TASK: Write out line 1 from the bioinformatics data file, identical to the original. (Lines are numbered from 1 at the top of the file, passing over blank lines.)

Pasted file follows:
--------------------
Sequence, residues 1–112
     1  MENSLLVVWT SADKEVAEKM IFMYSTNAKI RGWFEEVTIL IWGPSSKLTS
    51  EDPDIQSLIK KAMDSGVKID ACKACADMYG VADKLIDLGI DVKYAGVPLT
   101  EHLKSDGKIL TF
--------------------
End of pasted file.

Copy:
Sequence, residues 1–112